(9) Net debt-to-capital is calculated as net debt divided by the sum of total equity plus net debt.
(10) Return on capital employed (ROCE) is a non-GAAP measure we use to evaluate the profitability of our invested capital. We calculate this ratio over a rolling four-quarter period by taking net income attributable to equity holders of the Company excluding net finance expense, after tax, divided by the average capital employed.
For non-GAAP and other financial measures monitored by CAE, please refer to CAE’s MD&A filed with the Canadian Securities Administrators available on our website (www.cae.com) and on SEDAR (www.sedar.com).
Andrew Arnovitz, Vice President, Strategy and Investor Relations 1-514-734-5760, firstname.lastname@example.org
Hélène V. Gagnon, Vice President, Public Affairs and Global Communications 1-514-340-5536, email@example.com
Consolidated Statement of Financial Position
|December 31||March 31||April 1|
|(amounts in millions of Canadian dollars)||2018||2018||2017|
|Cash and cash equivalents||$||361.7||$||611.5||$||504.7|
|Income taxes recoverable||63.9||40.7||25.6|
|Derivative financial assets||7.7||13.3||23.4|
|Total current assets||$||2,175.8||$||2,123.3||$||1,965.1|
|Property, plant and equipment||1,947.6||1,803.9||1,582.6|
|Investment in equity accounted investees||297.8||242.7||375.8|
|Deferred tax assets||56.7||61.2||42.9|
|Derivative financial assets||11.2||11.5||16.0|
|Liabilities and equity|
|Accounts payable and accrued liabilities||$||893.5||$||666.9||$||686.1|
|Income taxes payable||17.8||15.3||9.6|
|Current portion of long-term debt||230.6||52.2||51.9|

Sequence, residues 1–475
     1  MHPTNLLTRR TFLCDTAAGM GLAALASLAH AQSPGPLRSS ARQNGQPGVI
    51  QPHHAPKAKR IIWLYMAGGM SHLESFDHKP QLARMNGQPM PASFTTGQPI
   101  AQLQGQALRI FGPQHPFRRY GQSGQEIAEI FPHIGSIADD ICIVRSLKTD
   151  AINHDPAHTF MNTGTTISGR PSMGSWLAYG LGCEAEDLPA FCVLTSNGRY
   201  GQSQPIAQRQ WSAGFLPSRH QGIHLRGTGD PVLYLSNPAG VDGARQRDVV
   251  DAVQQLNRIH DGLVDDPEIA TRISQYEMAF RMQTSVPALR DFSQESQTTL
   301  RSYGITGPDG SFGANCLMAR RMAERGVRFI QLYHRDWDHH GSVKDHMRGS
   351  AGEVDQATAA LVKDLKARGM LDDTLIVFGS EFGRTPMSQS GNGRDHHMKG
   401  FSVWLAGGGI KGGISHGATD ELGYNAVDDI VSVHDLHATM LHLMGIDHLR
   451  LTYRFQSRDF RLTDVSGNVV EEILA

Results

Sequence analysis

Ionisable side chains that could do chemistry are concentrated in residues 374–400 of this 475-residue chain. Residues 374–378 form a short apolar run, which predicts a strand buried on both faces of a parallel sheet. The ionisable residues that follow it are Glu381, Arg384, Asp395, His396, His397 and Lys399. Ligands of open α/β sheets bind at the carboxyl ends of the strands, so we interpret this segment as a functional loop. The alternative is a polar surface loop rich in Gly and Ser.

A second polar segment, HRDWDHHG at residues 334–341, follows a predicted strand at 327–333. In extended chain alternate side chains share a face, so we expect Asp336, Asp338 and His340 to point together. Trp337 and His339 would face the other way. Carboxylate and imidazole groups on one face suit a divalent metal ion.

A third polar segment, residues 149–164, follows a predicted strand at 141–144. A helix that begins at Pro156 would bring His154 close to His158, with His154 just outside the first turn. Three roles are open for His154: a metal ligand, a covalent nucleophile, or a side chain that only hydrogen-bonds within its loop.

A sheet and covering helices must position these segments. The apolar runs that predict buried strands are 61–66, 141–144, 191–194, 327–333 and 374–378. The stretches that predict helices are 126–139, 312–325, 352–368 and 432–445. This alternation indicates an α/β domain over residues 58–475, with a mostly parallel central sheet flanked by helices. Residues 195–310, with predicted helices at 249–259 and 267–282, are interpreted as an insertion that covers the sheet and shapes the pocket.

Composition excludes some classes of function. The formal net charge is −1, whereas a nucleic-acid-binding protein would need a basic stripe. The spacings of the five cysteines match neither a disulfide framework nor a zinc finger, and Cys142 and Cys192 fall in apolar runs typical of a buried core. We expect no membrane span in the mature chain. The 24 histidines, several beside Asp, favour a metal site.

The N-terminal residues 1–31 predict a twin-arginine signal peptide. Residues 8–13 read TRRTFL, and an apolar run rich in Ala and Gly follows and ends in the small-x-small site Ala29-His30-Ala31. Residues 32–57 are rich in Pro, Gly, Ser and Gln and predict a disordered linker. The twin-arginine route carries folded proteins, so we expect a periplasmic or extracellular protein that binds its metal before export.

|Derivative financial liabilities||42.3||18.1||15.5|
|Total current liabilities||$||1,982.3||$||1,474.1||$||1,411.1|
|Employee benefits obligations||194.0||200.6||157.7|
|Deferred gains and other liabilities||261.1||229.9||217.8|
|Deferred tax liabilities||194.2||184.7||213.0|
|Derivative financial liabilities||4.7||4.4||4.7|
|Accumulated other comprehensive income||248.9||260.3||191.1|
|Equity attributable to equity holders of the Company||$||2,289.2||$||2,229.1||$||1,952.1|
|Total liabilities and equity||$||6,294.5||$||5,780.2||$||5,397.7|
Consolidated Income Statement
|Three months ended |
|Nine months ended |
|(amounts in millions of Canadian dollars, except per share amounts)||2018 ||2017||2018 ||2017|
|Cost of sales||583.0||572.5||1,628.6||1,461.7|
|Research and development expenses||31.1||29.8||91.5||92.1|
|Selling, general and administrative expenses||101.4||98.6||292.0||268.5|
|Other gains – net||(2.5||)||(15.1||)||(17.1||)||(33.1||)|
|After tax share in profit of equity accounted investees||(9.7||)||(8.8||)||(23.1||)||(31.9||)|
|Finance expense – net||19.3||17.2||55.2||53.0|
|Earnings before income taxes||$||93.7||$||134.0||$||255.0||$||292.3|
|Income tax expense (recovery)||14.2||(11.8||)||40.3||23.2|
|Equity holders of the Company||$||77.6||$||143.8||$||207.7||$||263.7|
|Earnings per share attributable to equity holders of the Company|
Consolidated Statement of Comprehensive Income
|Three months ended |
|Nine months ended |
|(amounts in millions of Canadian dollars)||2018 ||2017||2018 ||2017|
|Items that may be reclassified to net income|
|Foreign currency differences on translation of foreign operations ||$||137.9||$||32.3||$||51.8||$||(41.1||)|
|Reclassification to income of foreign currency differences ||(2.0||)||(4.3||)||(17.9||)||(24.3||)|
|Net (loss) gain on cash flow hedges ||(27.0||)||(4.2||)||(22.7||)||20.3|
|Reclassification to income of gains (loss) on cash flow hedges ||0.1||4.0||0.7||(6.1||)|
|Net (loss) gain on hedges of net investment in foreign operations ||(26.3||)||(2.9||)||(27.7||)||28.5|
|Items that will never be reclassified to net income|
|Remeasurement of defined benefit pension plan obligations ||$||(14.6||)||$||(44.3||)||$||18.5||$||(44.0||)|
|Net gain on financial assets carried at fair value through OCI||0.1||—||—||—|
|Other comprehensive income (loss)||$||76.0||$||(4.9||)||$||6.4||$||(52.4||)|
|Total comprehensive income||$||155.5||$||140.9||$||221.1||$||216.7|
|Equity holders of the Company||$||150.6||$||138.9||$||209.9||$||213.5|